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RAC unveils ‘pay by mile’ car insurance policy

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RAC has launched a new flexible car insurance policy, where motorists are charged based on the miles they actually drive.

The Pay by Mile policy has been designed for drivers who cover less than 6,000 miles a year, and is described by the firm as a “subscription” model of car insurance.

Drivers pay a per-mile cost for the miles they actually drive ‒ called the mileage price ‒ as well as a set monthly fee to cover their vehicle while it’s not on the move, which is called the parked price. There is also an initial £50 activation fee.

There is a Pay by Mile app, which means that motorists can track how many miles they’ve covered and how much their monthly bill is likely to be. There are no fees for changing vehicles or address, and there are no tie ins so drivers can cancel straight away if they decide the policy is no longer suitable for them or they want to sell their car.

Drivers who sign up for the policy will be supplied with a ‘drive tag’. This can be attached to the windscreen, and the tag will detect when the car is in use and how many miles have been covered. No other driving-related data is collected. This data is then used to calculate the bill at the end of the month.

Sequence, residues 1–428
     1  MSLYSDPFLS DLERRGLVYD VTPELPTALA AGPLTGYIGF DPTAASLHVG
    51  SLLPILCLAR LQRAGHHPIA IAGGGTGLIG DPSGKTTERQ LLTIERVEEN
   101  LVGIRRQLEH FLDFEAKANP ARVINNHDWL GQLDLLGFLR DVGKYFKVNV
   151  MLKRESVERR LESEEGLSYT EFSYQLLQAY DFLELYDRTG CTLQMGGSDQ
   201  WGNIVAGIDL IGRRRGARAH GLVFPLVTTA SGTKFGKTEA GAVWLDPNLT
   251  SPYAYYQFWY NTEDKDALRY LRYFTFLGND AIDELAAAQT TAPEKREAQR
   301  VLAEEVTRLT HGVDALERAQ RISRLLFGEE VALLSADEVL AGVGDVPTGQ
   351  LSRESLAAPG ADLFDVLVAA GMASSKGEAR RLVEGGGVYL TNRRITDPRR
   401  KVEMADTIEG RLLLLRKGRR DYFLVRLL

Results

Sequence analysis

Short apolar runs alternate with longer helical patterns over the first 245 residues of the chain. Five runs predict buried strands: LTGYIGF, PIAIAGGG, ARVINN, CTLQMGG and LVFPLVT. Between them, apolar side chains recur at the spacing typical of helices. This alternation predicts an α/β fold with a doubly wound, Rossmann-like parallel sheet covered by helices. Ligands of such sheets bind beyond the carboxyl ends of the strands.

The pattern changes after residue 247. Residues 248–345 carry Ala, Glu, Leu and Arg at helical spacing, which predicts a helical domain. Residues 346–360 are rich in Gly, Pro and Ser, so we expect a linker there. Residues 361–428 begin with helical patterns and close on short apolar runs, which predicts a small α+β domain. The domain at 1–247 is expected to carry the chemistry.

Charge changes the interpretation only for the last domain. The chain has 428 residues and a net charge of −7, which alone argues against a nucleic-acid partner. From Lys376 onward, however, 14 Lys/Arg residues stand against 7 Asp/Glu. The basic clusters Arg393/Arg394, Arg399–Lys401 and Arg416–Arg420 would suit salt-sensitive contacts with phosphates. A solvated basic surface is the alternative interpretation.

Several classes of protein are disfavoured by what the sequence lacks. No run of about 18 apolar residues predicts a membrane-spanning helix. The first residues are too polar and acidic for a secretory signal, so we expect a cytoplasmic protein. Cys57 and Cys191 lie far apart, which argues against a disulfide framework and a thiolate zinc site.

All Pay by Mile policies are fully comprehensive.

Mark Godfrey, managing director of RAC Insurance, said that the car insurance market has been “ripe for a shake-up” for some time, and argued that Pay by Mile was a “pioneering” product for those who don’t cover large mileages.

He continued: “With a standard car insurance policy, drivers are expected to estimate how many miles they expect to drive from the outset, whether or not they cover this distance during the policy year or not. For people who don’t drive very regularly or only ever go short distances, this could result in a premium that seems overly expensive.”

Driving fewer miles

The pandemic has had a significant impact on our driving habits. The various national and local lockdowns forced people to stay at home, except in certain situations, and that had an inevitable knock-on effect on the number of miles covered.

A study by Direct Line at the end of 2020 suggested that more than half of drivers (55%) were driving fewer miles than before the first lockdown was introduced. It pointed out that the average estimated mileage on a car insurance policy is 8,000 miles, which works out at 667 miles per month, yet in October the average motorist covered just 198 miles.

Godfrey said: “The impact of the coronavirus pandemic on driving patterns means it feels like this product has never been more relevant. So many of us are driving fewer miles now, which means we might well be frustrated at how much we’re having to pay for car insurance.”

Some insurers reacted to the reduced miles ‒ and therefore the reduced levels of risk ‒ as a result of the pandemic by handing drivers a partial refund on their policy costs. However, this was far from a universal approach, with only one in five drivers reporting receiving a refund.

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